The operations begin, at step 302, by receiving user selection of the configurable port (e.g., by reading a switch or getting the software configured bit). If cross-connection is enabled, as determined at step 304, traffic from the port is routed to the backplane cross-connect, at step 308. As shown in FIG. 4A, with cross-connects enabled (e.g., CROSS_CON=ENABLED via an external signal or configuration register), internal circuitry of the PHY switch 214 may be controlled to route port traffic to/from the backplane cross-connect. On the other hand, if cross-connection is disabled, as traffic from the port is routed to a connector on the front panel, at step 306. As shown in FIG. 4B, with cross-connects disabled (e.g., CROSS_CON=DISABLED), internal circuitry of the PHY switch 214 may be controlled to route port traffic to/from a front-panel connector.
For some embodiments, a user (e.g., a network administrator) may be able to configure the PHY switch 214 via a graphical user interface (GUI), such as the GUI 500 shown in FIG. 5. As illustrated, the user may be able to simply select whether switch cross-connects should be enabled or disabled, for example, via a checkbox 510. In response, appropriate bits in one or more initialization packets may be set to appropriate levels to set the control signal to the desired state upon switch initialization or a later change in switch configuration. The GUI 500 may also allow other port settings to be modified via one or more other GUI screens (not shown).
For example, for some embodiments, a PHY switch may be configured via software control to allow a single Ethernet channel to be selectively routed to two or more different types of connectors. Such a switch may be utilized with any of one or more channels routed to external connectors, for example, to choose whether a corresponding channel is routed to a (copper) Ethernet connection via an RJ-45 connector or to a Fiber Channel (or other type optical) connection via an SFP connector.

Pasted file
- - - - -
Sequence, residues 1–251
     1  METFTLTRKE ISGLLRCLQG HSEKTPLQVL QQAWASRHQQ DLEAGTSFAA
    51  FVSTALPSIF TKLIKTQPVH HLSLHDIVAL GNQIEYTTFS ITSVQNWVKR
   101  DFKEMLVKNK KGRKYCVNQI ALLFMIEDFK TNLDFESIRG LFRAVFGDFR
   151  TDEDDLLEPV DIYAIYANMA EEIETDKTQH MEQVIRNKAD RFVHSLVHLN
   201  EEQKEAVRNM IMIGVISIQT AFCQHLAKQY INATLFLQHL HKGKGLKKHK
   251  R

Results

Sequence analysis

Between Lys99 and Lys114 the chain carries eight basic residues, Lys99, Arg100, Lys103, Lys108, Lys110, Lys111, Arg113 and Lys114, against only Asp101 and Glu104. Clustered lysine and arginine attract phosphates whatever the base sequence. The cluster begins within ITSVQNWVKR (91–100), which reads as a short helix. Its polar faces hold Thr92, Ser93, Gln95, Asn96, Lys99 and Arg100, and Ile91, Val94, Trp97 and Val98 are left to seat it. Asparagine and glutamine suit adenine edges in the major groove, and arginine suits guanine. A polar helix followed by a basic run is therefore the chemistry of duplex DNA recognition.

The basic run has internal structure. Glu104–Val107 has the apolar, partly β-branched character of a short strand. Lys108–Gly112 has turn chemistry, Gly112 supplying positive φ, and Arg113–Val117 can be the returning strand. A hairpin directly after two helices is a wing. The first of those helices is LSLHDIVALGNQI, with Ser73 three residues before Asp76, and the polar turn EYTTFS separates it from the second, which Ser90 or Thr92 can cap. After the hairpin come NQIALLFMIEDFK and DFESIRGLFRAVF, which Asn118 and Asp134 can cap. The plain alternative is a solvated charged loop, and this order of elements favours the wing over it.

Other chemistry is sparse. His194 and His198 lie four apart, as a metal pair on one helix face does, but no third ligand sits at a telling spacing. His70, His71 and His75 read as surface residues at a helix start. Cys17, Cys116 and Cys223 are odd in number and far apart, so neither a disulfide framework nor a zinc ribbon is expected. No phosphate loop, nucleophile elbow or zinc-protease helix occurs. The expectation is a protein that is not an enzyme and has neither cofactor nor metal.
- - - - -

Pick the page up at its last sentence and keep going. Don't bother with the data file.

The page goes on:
As illustrated in FIG. 6, for some embodiments, such a switch may be used in conjunction with a PHY switch used to enable/disable backplane cross-connects. For example, by placing a PHY switch 614 in series with the PHY switch 214, a user may select to which connector the port C channel is routed in the event that backplane cross-connects are disabled. As illustrated, a separate signal (shown as CONN_SEL) may be utilized to select whether the channel is routed to one type of connector (e.g., an RJ-45 connector) or another type of connector (e.g., an SFP connector).
A switch module with a user controllable physical layer (PHY) switch may allow a user to select whether a channel is routed to a backplane for cross-connection with another switch module or to a connector for an external network connection. As a result, users that do not wish to enable switch cross-connects for a chassis-based server may effectively gain an additional external network connection (e.g., uplink) without the associated cost of an additional channel.
While the foregoing is directed to embodiments of the present invention, other and further embodiments of the invention may be devised without departing from the basic scope thereof, and the scope thereof is determined by the claims that follow.